Posted:

**Jun 10, 2012 12:27 pm**Post 13 MHV Amplitudes

Spinor Helicity Formalism

A quick recap - I didn't have LaTeX last time and the notation was horrendous! We're using this stuff prinicipally for modelling the scattering of gluons off each other. The energies involved are so large that we can ignore the gluon rest masses and treat them as zero-rest-mass particles.

The conventional way to characterize the motion of such a particle is to give:

1) Its momentum. This is a null vector [math]

2) Its angular momentum [math] (antisymmetric in [math]) with respect to some arbitrary origin in spacetime.

If we form the spin-vector [math], then positive helicity gluons satisfy [math] and negative helicity gluons [math]. The positive/negative character determines the handedness of their spin relative to their direction of travel.

So that (momentum, helicity) is all we need to label a particle heading towards the collision or away from it. Well, actually, no, gluons have colour as well, but that won't make a significant difference to our deliberations so we'll ignore it. (This means that we're considering "color-ordered" scattering amplitudes).

An amplitude for scattering of n gluons, labelled 1..n, where two of them, gluons j and k, have helicity opposite to the rest is denoted by [math]. To compute such a scattering amplitude, you follow the rules - add up all the contributions from the relevant Feynman diagrams. The ROFL moment comes when you realise how many diagrams you need to add up:

4 Gluons - needs 4 diagrams

5 Gluons - needs 25 diagrams

6 Gluons - needs 220 diagrams

7 Gluons - needs 2485 diagrams

8 Gluons - needs 34300 diagrams

9 Gluons - needs 559405 diagrams

AND, the contribution from even a single diagram is complex to evaluate.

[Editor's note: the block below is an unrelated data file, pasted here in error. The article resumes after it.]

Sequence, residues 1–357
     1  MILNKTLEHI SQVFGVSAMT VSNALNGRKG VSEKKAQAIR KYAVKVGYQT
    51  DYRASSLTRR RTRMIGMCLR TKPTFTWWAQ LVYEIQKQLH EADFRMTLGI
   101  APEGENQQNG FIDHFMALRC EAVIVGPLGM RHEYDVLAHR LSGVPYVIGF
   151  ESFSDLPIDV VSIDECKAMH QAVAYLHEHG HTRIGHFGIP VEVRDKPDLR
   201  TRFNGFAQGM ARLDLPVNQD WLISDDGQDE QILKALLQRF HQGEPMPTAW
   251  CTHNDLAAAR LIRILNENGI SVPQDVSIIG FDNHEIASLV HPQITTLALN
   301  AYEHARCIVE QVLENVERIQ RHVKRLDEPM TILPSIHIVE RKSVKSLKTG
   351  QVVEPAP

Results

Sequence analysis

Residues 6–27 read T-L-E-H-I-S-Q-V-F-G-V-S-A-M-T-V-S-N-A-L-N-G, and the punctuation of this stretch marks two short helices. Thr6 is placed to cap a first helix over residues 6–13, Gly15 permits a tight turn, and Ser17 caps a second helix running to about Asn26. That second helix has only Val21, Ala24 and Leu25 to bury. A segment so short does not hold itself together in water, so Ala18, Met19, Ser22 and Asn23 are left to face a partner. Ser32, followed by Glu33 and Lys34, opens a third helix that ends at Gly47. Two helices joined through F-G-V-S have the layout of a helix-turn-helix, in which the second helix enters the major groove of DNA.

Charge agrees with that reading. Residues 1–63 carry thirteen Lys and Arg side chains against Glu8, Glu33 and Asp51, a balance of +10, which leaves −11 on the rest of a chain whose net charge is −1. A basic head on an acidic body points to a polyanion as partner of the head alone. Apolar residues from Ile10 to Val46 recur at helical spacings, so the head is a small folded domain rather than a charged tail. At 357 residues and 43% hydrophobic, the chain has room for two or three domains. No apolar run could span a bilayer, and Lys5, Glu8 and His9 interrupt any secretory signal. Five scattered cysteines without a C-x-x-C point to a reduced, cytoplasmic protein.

Amazingly some people have actually done this (at least up to 6 gluon level - they may have gone further - I'm not sure). Thank goodness for symbolic mathematics packages. Anyway just like when you've done a really complex calculation in an exam and got a nice simple answer, you know you haven't made a mistake, they got a nice simple answer. Namely, they demonstrated that, at least as far as n=6, the amplitude is given by

[math]

where [math]

The delta function just has the sum of the four-momenta of all the particles in it, so it forces momentum to be conserved. A null four momentum can be written as a product of a primed and an unprimed spinor, hence the lambdas inside the delta function.

Even before it was computed for the low n cases, this formula was guessed by Parke and Taylor. Nima Arkani-Hamed has repeatedly voiced the opinion that the fact that its such a pain in the ass to compute using Feynman diagrams points to the fact that the route that such diagrams take, namely via space time isn't the right one. Space-time isn't the right concept to describe this process. The Feynman diagram approach enforces manifest locality and Lorentz invariance at every step, and for the first time in our lives, we're beginning to doubt that this is the right thing to do. To put it in Nima's words "spacetime is doomed".

Conformal Invariance of Scattering Amplitudes

The spacetime approach to scattering amplitude calculation is a pain in the ass - is there another way? To motivate the one [math] approach to this piece of physics, consider the action of the conformal group on amplitudes. We know the algebra of the conformal group (last post), we just need a representation of the various conformal generators acting on the scattering amplitudes. Here they are:

Lorentz Boosts:

[math]

[math]